The average daily births in the study hospitals were four to ten. were aware that they should undergo the procedure. Shireen said:
Women were with others in a public labour room and mostly restricted ‘I knew that it should be cut and sutured. My doctor did not tell me
to a bed; had an intravenous (IV) infusion and Electronical Foetal about cutting during childbirth but I had heard that in normal birth,
Monitoring (EFM) attached to their abdomen. Sometimes they were especially in the first one, it is being cut and sutured.’ (27yr, high
free to change their position in bed and allowed to walk during labour. school, first time mother, NTH)
All women gave birth vaginally and their labour was induced or
augmented. All first time mothers except one and most multipara One woman had experienced fundal pressure during her previous
underwent episiotomy. childbirth. Azar said:
‘In my previous birth they helped me and pushed my tummy to help
the baby to come out. This time they were around me but they did not
Main themes help me. I was surprised why they did not help me this time?’ (33yr,
Two themes emerged under women's perceptions of normal child- primary school, fourth time mother, TH).
birth and experiences of routine care and interventions: ‘An ethos of
medicalisation’ summarises women’s perception of childbirth. ‘The Decision making: normal childbirth versus caesarean section
reality of fostered medicalisation’ illustrates the process by which Women’s trajectories toward childbirth had started by making
interventions during labour affected women’s pathway through child- decisions about methods of childbirth. They had detailed discussions
birth, and resulted in a birth experience which often included a about the method of childbirth with their husband, relatives and
preference for CS rather than vaginal birth with multiple interventions. friends and the advantages and disadvantages of ‘normal childbirth’
(Table 2). and CS. Ziba explained:
‘I have heard that normal birth is difficult so I would have preferred
Theme one: an ethos of medicalisation
to deliver by CS. I talked to women who gave birth by CS. I also
talked to the midwives in the prenatal clinic; they said it is better to
This theme refers to women’s knowledge of normal childbirth and
have a normal birth. I also talked to my husband and then I said ‘I
their views on childbirth methods. It was evident that women’s
will have what the God predestined for me.’ (21yr, secondary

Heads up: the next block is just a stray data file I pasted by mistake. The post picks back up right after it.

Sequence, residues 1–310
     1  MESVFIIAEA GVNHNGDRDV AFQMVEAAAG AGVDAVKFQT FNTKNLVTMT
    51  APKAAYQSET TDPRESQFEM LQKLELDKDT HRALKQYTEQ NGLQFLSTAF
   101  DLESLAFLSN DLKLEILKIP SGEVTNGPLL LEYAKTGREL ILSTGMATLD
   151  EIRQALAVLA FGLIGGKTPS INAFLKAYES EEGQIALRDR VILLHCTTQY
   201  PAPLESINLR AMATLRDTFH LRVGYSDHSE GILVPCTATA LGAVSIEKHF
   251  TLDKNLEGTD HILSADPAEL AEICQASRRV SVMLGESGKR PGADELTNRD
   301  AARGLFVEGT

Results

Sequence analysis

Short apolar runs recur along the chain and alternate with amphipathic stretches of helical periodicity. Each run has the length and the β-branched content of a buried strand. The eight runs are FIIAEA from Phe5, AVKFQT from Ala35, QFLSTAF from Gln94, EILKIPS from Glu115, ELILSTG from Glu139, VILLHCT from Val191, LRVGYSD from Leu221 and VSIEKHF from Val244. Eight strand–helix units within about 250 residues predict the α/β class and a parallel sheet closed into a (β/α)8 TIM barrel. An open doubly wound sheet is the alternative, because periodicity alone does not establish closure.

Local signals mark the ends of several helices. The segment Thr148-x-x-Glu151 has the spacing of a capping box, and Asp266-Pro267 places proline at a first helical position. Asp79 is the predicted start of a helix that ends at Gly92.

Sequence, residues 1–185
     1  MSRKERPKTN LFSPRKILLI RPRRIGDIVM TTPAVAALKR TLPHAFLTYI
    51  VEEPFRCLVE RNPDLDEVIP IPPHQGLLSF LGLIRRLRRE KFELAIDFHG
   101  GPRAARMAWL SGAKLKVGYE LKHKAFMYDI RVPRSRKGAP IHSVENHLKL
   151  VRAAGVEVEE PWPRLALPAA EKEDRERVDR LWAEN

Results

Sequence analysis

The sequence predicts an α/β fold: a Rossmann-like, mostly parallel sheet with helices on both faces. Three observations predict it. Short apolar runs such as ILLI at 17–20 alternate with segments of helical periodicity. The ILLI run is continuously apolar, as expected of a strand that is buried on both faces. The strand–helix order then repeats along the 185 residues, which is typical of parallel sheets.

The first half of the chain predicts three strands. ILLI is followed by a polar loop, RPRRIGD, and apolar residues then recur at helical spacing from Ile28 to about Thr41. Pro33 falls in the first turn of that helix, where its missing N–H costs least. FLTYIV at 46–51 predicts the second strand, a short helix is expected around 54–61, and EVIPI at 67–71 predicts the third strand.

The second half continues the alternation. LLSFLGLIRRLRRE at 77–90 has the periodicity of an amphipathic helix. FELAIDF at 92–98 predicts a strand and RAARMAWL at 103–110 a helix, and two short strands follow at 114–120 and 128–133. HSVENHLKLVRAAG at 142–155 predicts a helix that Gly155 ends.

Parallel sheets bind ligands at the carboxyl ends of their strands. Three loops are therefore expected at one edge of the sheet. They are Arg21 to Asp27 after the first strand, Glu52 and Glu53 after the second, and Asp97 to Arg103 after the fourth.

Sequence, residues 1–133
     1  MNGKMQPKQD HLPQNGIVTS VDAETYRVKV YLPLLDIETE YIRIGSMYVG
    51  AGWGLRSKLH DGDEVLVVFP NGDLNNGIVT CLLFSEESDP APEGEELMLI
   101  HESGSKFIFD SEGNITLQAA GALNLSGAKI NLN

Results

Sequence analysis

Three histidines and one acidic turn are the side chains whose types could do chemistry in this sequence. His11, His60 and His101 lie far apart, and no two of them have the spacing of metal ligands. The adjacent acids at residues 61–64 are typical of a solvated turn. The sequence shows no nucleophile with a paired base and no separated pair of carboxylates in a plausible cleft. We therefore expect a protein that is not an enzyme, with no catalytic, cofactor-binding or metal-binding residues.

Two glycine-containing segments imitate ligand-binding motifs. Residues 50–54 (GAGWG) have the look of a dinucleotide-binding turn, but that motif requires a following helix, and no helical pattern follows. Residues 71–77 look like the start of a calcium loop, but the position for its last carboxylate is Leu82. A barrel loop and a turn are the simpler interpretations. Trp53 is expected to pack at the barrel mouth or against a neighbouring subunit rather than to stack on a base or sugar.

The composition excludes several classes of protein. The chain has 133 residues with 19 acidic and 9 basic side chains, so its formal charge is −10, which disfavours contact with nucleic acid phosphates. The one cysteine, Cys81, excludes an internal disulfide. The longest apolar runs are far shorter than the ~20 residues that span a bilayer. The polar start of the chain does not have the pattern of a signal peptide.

perception of childbirth was influenced by the medicalised context of
school, first time mother, TH)
childbirth. This made women accept interventions during labour and
childbirth as part of a ‘normal’ birth and CS a method of childbirth Fatemeh wanted to experience CS because she had been told it was
which women could select. less painful and more comfortable:

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F. Pazandeh et al. Midwifery 53 (2017) 63–70

‘I have heard that CS is better because you do not feel the labour by ‘ampolefeshar. They felt that labour pain was ‘sweet’ and can be
pain. I would have liked to experience CS and find out if it is good or tolerated. She said:
not. I could help my daughters to make a decision [about the
‘I‘d have preferred to deliver by normal birth. My mother had told
childbirth method] later.’ (37yr, primary school, fifth time mother,
me that labour pain starts very slowly which I could cope with and
TH)
then tolerate. I expected to experience pain but it was really
Shive, an educated woman, had come to a public hospital to deliver unbearable. I saw death in front of my eyes.’ (26 yr, high school,
by normal birth. She could afford to go to a private hospital but she had first time mother, NTH)
intentionally rejected CS when suggested to her during antenatal visits
Women used words like ‘terrible', 'unbearable’, ‘severe’ and ‘diffi-
at a private hospital. Shiva said:
cult’ when they described their labour pain which was caused using
‘Normal birth is definitely better [option]. It is right for every Oxytocin. Some women used expressions such as ‘being in hell’, ‘not
woman to bear this pain and find out whether she can deliver by coming back’, ‘not surviving’, and ‘not staying alive’. Yasaman, first
normal birth or not. I think my auntie, who had not been able to time mother, explained:
give birth in the village and died thirty years ago, needed a CS. They
‘It was the most severe pain I have ever felt. I cannot describe that,
should let women try to deliver by normal birth and, if there is a
it was terrible and I thought I was dying and I didn’t think I would
problem, then they can do a CS.’ (29yr, MSc degree, second time
stay alive.’ (29 yr, primary school, first time mother, TH).
mother, NTH).

Passivity Inadequate pain management


Women trusted their caregivers to make decisions for them. They The interventions to induce or accelerate women’s labour had